It’s not that we didn’t have a reason. That we weren’t provoked. Or mistreated. We were. We had legitimate reasons to be upset. We had a legitimate grievance.
And yet…our response was such a mistake. We come to regret the yelling. We regret the harsh words. How much better would we have been had we been able to, as the great play about Cato put it, look at things through the “calm light of mild philosophy.”
To the Stoics, what we did in a fit of passion–be it of lust or envy but most of all out of anger–was almost always the wrong thing. It didn’t matter if the other person was wrong, if we were relentlessly baited or abused, it didn’t matter if we escaped consequences, it was a mistake to be overcome by our passions. Marcus Aurelius would have been cautioned by one of the most terrible moments of his mentor Hadrian’s reign, when aggravated by the incompetence of a secretary, the emperor stabbed the man in the eye with a stylus. Seneca wrote a whole essay on the perils of anger–the most blinding and self-destructive of the passions.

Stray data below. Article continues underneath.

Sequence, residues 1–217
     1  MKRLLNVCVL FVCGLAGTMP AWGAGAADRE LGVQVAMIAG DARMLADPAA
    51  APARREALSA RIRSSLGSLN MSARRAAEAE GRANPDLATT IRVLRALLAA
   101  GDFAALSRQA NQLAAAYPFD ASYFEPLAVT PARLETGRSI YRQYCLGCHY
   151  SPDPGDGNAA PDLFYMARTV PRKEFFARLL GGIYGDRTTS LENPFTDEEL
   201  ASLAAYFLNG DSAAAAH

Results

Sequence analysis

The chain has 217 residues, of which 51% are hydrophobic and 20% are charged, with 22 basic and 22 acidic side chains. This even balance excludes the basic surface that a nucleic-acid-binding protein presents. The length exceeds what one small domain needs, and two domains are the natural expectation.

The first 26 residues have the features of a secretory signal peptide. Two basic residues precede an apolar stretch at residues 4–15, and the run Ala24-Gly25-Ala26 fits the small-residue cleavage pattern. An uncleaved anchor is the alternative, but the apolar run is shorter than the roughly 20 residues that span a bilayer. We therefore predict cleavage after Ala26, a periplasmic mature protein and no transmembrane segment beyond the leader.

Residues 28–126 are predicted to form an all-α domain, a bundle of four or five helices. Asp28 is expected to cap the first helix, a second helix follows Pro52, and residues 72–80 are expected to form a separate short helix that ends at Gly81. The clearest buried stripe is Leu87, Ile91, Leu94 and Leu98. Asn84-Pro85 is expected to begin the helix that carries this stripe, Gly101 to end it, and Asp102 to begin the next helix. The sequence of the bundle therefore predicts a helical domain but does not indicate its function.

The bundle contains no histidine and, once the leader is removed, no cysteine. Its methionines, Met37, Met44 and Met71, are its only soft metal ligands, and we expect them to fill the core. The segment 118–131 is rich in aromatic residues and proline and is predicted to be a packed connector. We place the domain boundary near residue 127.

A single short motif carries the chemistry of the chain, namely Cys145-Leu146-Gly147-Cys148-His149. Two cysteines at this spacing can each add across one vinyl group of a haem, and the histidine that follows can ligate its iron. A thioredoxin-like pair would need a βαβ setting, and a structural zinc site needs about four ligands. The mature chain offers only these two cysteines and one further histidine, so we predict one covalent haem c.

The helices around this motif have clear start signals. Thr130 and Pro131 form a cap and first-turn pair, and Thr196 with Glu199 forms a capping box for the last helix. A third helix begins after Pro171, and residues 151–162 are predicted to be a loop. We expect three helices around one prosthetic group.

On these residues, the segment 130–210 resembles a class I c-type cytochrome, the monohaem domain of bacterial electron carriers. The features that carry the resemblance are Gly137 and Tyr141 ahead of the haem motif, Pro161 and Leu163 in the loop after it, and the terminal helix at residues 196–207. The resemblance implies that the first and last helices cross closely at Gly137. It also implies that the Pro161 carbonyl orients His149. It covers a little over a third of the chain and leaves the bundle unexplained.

When we are angry, we do stupid things. We do impulsive things that we come to regret. We burn bridges. We stoop to ‘their’ level. We break trusts. We delegitimize whatever legitimacy our grievance may have had. We must beware this madness, we must command ourselves.
It’s OK to be angry…just look at the situation in a calm and mild light before you do anything.